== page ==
I really do recommend watching the disc in 2D because of the colour and detail increase. The red/blue, or in this case purple/green glasses will always mess with the director’s chosen hues. On the big screen the polarized lenses somewhat dull the colours, but don’t mix them up, and there isn’t a loss of detail. The 3D effects work pretty well here, especially because the filmmakers make a point to pull the action back into the screen rather than out of it, but the importance of the 3D is negligible from my point of view.
Coraline is a little less full-bodied than other recent animated features, but the DTS-HD Master Audio 5.1 track serves Selick’s purposes well. The real world scenes are light on effects, and the items that do escape the vacuum are often soft, subtle, and suitably realistic. In contrast, the other world, which is still pretty softly touched by noise, is consistently teeming with activity throughout the channels, specifically a creepy hum of wind. As the film progresses and the Other Mother loses her shade of normalcy, the effects become more active and aggressive. The track’s high point is the spider web sequence, which takes advantage of the concept of a blind spider accessing her prey through the vibrations of her web. One of Selick’s most enlightened choices was hiring composer Bruno Coulais. Coulais doesn’t sound like Danny Elfman, and thus his contributions are important in the process of separating Selick’s art from Tim Burton’s. If this score, which is rich with surprises and perfectly adapted clichés, isn’t nominated for an Oscar, something is very wrong with the Academy’s ears.
The extras aren’t too time consuming, but are reasonably solid, starting with an entertaining and largely informative commentary track with director Selick. The extras menu claims that composer Bruno Coulais is on the track as well, but his voice is only heard over the end credits. Selick runs us through the technical aspects of animation, the history of the project, and tells us the names of everyone involved without wasting our time with back patting. Most importantly to folks like me, Selick is very specific about what was changed between Gaiman’s original book and the film, which are many and varied. The U-Control PiP option didn’t work on my Profile 1.0 player, but are listed as including ‘Tours and Voice Sessions’, behind the scenes, and Animatics.
Next up are the deleted and extended scenes (8:30, HD), which are presented as a reel with introductions from Selick. The scenes are surprisingly mostly finished animation-wise, with finished dialogue (though sound effects are missing), which is rare for animation deletions. In all there are two deleted scenes, three extended scenes (one of which is included at the end of the credits), and a handful of minor trims.
‘The Making of Coraline’ (36:00, HD) marches us swiftly through the production process in the form of a ten part behind the scenes featurette. Changes between the book and the movie (Selick is interviewed by Gaiman’s daughter), early character design work (including production art), voice casting and acting (including interviews and voice booth footage), puppet production, puppet wardrobe, prop and production design, actual animation (God it’s tedious), visual effects augmentation, and the process of shooting in 3D (oh God, it’s even more tedious!) are all briefly covered. The featurette could be longer, and I personally could’ve used a whole lot more talking with Neil Gaiman, not to mention some mention of the beautiful music, but all in all this is a solid production.
‘Voicing the Characters’ (10:30, HD) is a more in depth look at the voice acting process, featuring more cast interviews and behind the scenes footage. It should’ve probably been included in the making-of featurette, as should have ‘Creepy Coraline’ (05:00, HD), which looks at some of the film’s more frightful aspects.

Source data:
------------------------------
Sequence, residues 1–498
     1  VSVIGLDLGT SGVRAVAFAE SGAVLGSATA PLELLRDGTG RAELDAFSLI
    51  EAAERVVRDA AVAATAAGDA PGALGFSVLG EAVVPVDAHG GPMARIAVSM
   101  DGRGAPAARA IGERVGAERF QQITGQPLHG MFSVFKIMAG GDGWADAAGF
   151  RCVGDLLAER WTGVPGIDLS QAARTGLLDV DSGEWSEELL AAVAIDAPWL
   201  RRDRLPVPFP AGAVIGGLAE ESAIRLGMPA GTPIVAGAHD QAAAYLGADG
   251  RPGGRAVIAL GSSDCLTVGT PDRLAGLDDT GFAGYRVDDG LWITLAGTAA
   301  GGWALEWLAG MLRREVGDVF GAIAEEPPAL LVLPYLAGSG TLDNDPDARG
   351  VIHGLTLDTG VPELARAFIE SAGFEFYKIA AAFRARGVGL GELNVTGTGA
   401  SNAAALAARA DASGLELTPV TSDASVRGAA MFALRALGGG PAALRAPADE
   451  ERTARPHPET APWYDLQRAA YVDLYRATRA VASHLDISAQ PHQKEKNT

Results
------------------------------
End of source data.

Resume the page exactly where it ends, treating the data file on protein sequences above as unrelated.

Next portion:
Coraline isn’t perfect, but more than half way through the year it’s still one of 2009’s standouts, and finally proves that stop motion director extraordinaire Henry Selick can really pull off great work on his own. The story may be a little overly familiar to some, as author Neil Gaiman and Selick use classic ‘Hero’s Journey’ motifs to tell their story, but the characters and visuals are original and dynamic enough to ensure this particular fairytale can stand on its own. The film itself comes highly recommended, especially to parents with adventure obsessed children. The Blu-ray is fine and dandy on the A/V side of things, though even in high definition the 3D effects simply don’t work as well as they had during the theatrical release. The extras are brief, but quite informative and entertaining.
* Note: The images on this page are not representative of the Blu-ray release.
Review by Gabriel Powers
Some material may not be suitable for children
Release Date: 21st July 2009
Disc Type: Blu-ray Disc
Audio: DTS-HD Master Audio 5.1 English, DTS 5.1 French, DTS 5.1 Spanish
Subtitles: English SDH, French, Spanish
Extras: Director/Compser Commentary, U-Control PiP, Deleted Scenes, The Making of Coraline, Voicing the Characters, Creepy Coraline, DVD Copy, Digital Copy
Easter Egg: No
Director: Henry Selick
Cast: Dakota Fanning, Teri Hatcher, John Hodgman, Jennifer Saunders, Dawn French
Genre: Adventure, Animation, Family and Horror
Length: 101 minutes
Follow our updates
OTHER INTERESTING STUFF
Star Wars: The Changes - Part Three DVD Star Wars: The Changes - Part One DVD | BD Active Essentials: Zombie Flesheaters Part 1 DVD Will streaming kill physical media? DVD | HD | BD Star Wars: The Changes - Part Two DVD
New Easter Eggs
Star Wars: The Clone Wars - The Complete Season Two UK - BD Memento UK - BD RB Battlestar Galactica: The Plan UK - BD Moon UK - BD Star Wars: The Clone Wars - The Complete Season One UK - BD
Hot Easter Eggs
Star Wars: The Clone Wars - The Complete Season Two UK - BD Star Wars: Episode III - Revenge of the Sith US - DVD R1 Bedazzled US - DVD R1 Terminator 2: Judgment Day US - DVD R1 Christmas Story, A: 20th Anniversary Special Edition US - DVD R1